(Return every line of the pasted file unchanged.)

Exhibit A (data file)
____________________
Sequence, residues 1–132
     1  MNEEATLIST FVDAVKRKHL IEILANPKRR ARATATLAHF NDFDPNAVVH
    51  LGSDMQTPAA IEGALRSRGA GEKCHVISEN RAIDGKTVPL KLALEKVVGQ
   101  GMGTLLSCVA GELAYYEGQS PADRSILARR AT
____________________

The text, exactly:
Sequence, residues 1–132
     1  MNEEATLIST FVDAVKRKHL IEILANPKRR ARATATLAHF NDFDPNAVVH
    51  LGSDMQTPAA IEGALRSRGA GEKCHVISEN RAIDGKTVPL KLALEKVVGQ
   101  GMGTLLSCVA GELAYYEGQS PADRSILARR AT